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“To be, or not to be, that is the question,” was spoken by Hamlet. But as an anxious person, I ask a lot more questions.

For a month, I have tried to sleep early and get ready for my new normal, which has nothing to do with Covid-19. I’ve tried my best to take the medications on time and not overwork myself and retire to my bedroom early.

I thought I was all right and might be ready to take a lower dose of one of the medications as my psychiatrist suggested two months ago. I wasn’t completely wrong. All went well. I was fine with the lower dose at first, but then out of the blue just came all the doubts in the entire universe.

Everything I used to think about over and over five months ago came back to say hi and decided to stay here in my head like it was their rightful place. The what-ifs. The just-in-case worries. And the fear.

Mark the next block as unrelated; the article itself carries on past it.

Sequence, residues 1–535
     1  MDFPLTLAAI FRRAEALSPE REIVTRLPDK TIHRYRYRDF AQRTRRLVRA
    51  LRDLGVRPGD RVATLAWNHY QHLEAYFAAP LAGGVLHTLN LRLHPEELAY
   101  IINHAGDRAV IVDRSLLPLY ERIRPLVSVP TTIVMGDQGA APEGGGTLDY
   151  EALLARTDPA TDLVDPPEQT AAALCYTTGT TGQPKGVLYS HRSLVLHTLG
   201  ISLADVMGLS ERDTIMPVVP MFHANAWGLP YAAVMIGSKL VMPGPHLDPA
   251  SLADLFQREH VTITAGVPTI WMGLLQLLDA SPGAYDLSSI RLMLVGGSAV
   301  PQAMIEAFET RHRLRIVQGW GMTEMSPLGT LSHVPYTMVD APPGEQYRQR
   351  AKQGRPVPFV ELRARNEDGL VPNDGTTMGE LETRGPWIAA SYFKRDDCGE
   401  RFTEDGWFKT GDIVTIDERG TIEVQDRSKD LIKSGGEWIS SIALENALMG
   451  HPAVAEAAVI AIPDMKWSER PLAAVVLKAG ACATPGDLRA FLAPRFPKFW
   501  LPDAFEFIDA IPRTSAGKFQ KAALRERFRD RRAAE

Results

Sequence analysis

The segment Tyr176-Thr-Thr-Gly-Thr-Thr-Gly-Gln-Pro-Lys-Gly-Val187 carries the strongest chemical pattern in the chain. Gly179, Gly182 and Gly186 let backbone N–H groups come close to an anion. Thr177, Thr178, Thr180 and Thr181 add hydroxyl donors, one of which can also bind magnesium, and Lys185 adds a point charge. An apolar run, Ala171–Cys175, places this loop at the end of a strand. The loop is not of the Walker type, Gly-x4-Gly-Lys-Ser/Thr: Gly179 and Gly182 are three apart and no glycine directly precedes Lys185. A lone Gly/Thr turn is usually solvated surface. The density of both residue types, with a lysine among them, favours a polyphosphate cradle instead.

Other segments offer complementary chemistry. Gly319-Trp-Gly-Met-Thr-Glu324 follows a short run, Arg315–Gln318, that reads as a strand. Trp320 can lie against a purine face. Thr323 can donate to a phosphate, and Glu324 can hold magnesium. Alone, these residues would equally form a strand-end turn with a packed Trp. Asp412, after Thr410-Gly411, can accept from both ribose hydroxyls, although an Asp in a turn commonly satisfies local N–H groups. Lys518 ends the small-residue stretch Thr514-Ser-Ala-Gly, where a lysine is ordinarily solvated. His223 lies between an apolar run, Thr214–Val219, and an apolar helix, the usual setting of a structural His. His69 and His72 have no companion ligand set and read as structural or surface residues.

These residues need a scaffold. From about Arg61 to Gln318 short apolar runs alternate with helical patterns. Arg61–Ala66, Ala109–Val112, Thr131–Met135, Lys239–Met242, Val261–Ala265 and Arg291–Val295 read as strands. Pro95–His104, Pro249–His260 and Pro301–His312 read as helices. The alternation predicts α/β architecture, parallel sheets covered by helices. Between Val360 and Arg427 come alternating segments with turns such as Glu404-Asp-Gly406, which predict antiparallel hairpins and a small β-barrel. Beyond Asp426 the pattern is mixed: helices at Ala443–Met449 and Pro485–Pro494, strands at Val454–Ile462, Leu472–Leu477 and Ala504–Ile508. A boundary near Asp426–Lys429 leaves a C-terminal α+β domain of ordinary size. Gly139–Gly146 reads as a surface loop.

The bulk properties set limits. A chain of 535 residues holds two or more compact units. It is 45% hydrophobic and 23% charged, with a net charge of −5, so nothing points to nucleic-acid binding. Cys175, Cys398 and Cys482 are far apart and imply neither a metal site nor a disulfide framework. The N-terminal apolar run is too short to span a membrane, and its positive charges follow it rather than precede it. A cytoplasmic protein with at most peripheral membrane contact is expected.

Why am I still vulnerable to the things I thought I already came to terms with? Did it come back, or did it never leave?

As I told myself that I’ve understood them before and everything was now all right, a voice came so softly and distantly but still distinctively enough:

Is it? Is everything is really all right? How could you be so sure?

I saw my psychiatrist the other day, and she told me I could lower the dose of the other medication. Last month, that was all I ever wished for. I wanted to feel like myself again. I wanted to be done with all the medications, along with the side effects, and the one-hour sessions.

But then came all the questions I’d ever asked:

Am I ready? Am I even capable of being normal? What is normal?

And the most important question of all:

Should I stay or should I go?

I’m not naive by any means about my conditions, and I know that mental illness often comes back. Like an old friend who pays a visit and stays far too long than welcomed. Time and again, I’ve seen it happened with people around me. And I’m afraid as an average person might be afraid of something that haunts them. Only I, as a person with anxiety, feel it more.

Maybe I should think of anxiety as an old friend? Well, that’s another question.

— Petra